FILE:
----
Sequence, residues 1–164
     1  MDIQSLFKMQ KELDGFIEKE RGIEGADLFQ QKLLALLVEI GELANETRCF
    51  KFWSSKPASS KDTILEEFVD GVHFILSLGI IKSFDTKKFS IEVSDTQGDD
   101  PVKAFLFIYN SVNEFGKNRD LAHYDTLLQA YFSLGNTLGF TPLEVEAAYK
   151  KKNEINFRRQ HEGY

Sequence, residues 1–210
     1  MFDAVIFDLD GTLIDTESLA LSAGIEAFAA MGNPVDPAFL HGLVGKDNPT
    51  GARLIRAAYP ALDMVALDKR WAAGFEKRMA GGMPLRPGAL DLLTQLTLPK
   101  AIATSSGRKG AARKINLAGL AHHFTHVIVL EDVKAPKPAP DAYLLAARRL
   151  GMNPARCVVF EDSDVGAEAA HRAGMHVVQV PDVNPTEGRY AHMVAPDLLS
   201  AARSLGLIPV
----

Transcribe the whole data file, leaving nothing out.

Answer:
Sequence, residues 1–164
     1  MDIQSLFKMQ KELDGFIEKE RGIEGADLFQ QKLLALLVEI GELANETRCF
    51  KFWSSKPASS KDTILEEFVD GVHFILSLGI IKSFDTKKFS IEVSDTQGDD
   101  PVKAFLFIYN SVNEFGKNRD LAHYDTLLQA YFSLGNTLGF TPLEVEAAYK
   151  KKNEINFRRQ HEGY

Sequence, residues 1–210
     1  MFDAVIFDLD GTLIDTESLA LSAGIEAFAA MGNPVDPAFL HGLVGKDNPT
    51  GARLIRAAYP ALDMVALDKR WAAGFEKRMA GGMPLRPGAL DLLTQLTLPK
   101  AIATSSGRKG AARKINLAGL AHHFTHVIVL EDVKAPKPAP DAYLLAARRL
   151  GMNPARCVVF EDSDVGAEAA HRAGMHVVQV PDVNPTEGRY AHMVAPDLLS
   201  AARSLGLIPV